The Civil War in North Carolina

Reminiscences and Memoirs of North Carolina and Eminent North Carolinians

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        With the Centennial City of Charlotte, the Capital of Mecklenburg are associated glowing revolutionary remembrances. It was here that the first Declaration of Independence was proclaimed, on May 20, 1775. The heroic battle grounds of King's Mountain, Cowan's Ford, Ramsour's Mill are in its vicinity. It was here (September 20, 1780) with a handful of troops. that General Davie held the forces of Cornwallis in check, in whose retreat Colonel Lock was killed, and General George Graham seriously wounded. It was here, on December 3, 1780, that the "Fabius of America," General Greene, took command of the Southern Army.

        Of "illustrious men," says Thucydides, "the whole world is their sepulchre." But there are some sacred spots which have been specially consecrated in the memorials of all ages of mankind by the holy halo which surrounds the illustrious acts of patriots and martyrs. Of these is Maranthon, Bannockburn and Lexington. History may well add Charlotte.

                         All hail to thee, thou good old State, the noblest of the band!
                         Who raised the flag of Liberty, in this our native land!
                         All hail to thee, thy worthy sons were first to spurn the yoke,
                         The tyrant's fetters from their hands, at Mecklenburg they broke.

        One of the great landmarks in North Carolina history, especially that touching the Mecklenburg section, was the Queen's Museum, afterward called Liberty Hall, to which reference has been made heretofore, (see Brevard and Graham Genealogies in Lincoln county). We extract from Caruther's Life of Caldwell, the following:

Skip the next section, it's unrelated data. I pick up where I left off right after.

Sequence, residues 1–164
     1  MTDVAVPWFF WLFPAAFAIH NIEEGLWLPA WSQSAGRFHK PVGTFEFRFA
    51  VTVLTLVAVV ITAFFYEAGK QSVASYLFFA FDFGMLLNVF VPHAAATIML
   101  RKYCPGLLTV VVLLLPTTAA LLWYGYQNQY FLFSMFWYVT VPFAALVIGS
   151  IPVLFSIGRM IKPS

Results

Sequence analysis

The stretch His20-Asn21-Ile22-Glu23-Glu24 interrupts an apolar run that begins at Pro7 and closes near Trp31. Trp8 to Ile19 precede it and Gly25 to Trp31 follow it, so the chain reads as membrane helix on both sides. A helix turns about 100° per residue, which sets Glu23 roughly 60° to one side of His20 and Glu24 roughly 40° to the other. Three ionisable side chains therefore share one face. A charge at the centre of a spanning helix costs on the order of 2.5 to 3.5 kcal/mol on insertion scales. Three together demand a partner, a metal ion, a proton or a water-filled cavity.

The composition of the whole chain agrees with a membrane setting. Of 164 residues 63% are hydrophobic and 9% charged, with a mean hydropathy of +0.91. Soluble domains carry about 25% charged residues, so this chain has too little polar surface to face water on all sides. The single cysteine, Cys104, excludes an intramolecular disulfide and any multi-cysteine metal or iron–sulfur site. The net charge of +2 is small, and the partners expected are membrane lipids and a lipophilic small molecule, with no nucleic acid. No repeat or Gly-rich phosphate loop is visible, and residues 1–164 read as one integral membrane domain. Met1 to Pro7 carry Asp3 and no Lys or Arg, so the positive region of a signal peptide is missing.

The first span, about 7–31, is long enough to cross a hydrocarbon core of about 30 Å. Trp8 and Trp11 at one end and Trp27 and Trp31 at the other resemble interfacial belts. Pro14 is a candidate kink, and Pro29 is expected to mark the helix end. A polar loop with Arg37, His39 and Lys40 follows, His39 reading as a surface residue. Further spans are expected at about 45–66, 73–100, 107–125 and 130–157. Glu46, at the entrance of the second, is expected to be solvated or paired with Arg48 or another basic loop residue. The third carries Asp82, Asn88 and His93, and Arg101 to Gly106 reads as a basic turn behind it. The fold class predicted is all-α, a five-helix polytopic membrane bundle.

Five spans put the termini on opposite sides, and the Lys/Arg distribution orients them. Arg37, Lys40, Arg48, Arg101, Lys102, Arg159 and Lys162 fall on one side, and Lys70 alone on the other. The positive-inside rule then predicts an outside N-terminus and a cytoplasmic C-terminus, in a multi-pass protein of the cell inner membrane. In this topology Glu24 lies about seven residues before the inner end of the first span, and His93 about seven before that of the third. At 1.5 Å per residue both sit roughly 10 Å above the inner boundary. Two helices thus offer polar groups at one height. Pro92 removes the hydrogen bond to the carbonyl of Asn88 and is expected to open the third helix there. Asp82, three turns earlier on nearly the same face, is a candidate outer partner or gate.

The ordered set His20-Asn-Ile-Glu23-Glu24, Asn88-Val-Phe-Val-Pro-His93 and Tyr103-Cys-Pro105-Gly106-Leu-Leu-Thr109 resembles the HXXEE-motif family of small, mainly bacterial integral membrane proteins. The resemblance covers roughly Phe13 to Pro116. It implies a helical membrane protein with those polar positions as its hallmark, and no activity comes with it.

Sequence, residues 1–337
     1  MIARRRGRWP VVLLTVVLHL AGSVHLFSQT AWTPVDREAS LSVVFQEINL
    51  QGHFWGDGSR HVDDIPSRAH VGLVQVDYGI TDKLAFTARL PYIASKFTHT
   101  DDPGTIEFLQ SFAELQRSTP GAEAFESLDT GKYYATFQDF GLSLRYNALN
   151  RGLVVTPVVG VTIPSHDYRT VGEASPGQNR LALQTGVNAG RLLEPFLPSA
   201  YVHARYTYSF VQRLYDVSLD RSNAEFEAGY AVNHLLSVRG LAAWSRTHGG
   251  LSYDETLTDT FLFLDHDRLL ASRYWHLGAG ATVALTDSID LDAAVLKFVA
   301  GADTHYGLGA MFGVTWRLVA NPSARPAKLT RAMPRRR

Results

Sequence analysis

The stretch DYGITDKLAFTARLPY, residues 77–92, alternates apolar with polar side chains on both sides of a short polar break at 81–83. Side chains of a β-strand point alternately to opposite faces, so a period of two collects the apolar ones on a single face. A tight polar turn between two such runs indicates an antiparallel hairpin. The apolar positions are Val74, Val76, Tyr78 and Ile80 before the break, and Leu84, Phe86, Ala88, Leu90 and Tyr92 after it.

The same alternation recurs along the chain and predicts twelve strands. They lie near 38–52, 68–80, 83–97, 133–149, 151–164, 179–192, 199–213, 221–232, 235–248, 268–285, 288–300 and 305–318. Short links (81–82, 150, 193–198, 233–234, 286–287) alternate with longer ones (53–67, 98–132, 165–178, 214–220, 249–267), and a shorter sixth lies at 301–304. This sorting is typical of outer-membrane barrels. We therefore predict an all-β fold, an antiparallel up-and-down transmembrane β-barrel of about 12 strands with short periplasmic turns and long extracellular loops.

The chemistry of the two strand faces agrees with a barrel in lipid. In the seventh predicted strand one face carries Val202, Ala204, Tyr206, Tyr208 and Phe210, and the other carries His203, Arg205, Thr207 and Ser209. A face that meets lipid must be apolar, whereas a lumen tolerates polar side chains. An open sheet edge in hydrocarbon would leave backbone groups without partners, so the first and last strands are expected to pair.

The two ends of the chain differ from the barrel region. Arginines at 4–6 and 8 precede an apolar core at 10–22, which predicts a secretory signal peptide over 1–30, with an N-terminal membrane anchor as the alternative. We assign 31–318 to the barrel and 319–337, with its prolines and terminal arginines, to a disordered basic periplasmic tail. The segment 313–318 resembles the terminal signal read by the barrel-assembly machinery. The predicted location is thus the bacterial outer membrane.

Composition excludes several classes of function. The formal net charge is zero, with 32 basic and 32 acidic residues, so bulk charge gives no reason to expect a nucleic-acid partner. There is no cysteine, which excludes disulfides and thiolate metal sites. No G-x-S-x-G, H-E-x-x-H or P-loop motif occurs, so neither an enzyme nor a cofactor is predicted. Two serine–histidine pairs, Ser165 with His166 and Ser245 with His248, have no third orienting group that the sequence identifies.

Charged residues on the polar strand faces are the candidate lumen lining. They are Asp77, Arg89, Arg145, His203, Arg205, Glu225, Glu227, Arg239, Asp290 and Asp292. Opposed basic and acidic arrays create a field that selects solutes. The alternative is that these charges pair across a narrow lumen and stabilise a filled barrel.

"The history of Liberty Hall Academy is interesting to the friends of literature, as a bold and vigorous effort made for its promotion at that early day, and under the most discouraging circumstances, and it is especially interesting to Presbyterians, as being one in a series of efforts made by the people in that region, to establish a literary institution, not only of a high order but on Christian principles, and under Christian influences. Both before and after its incorporation, the Presbytery of Orange exercised a degree of supervision over Liberty Hall, as they probably would have done over Queen's College, if it had gone into operation; but precisely on what grounds and to what extent, does not appear. For this purpose the Presbytery met, during its existence, much oftener in Charlotte, and Sugar Creek, than in any other part of their bounds. They appointed committees to examine the students, and they co-operated with the Trustees in securing the services of Dr. McWhorter. They sometimes held part of their session in one of these places, and the remainder in the other. Thus having met in Charlotte, October 1, 1775, they adjourned in the evening to Sugar Creek. where theyoftener transacted the rest of their business. and among other things, they appointed Messrs. Caldwell and Reese to examine the school in Charlotte." Again: "Fourth Creek, April 10, 1778, Messrs. McCorkle, Hall, and McCaule, are hereby appointed to write a letter to Dr. McWhorter, concerning the Academy in Charlotte."

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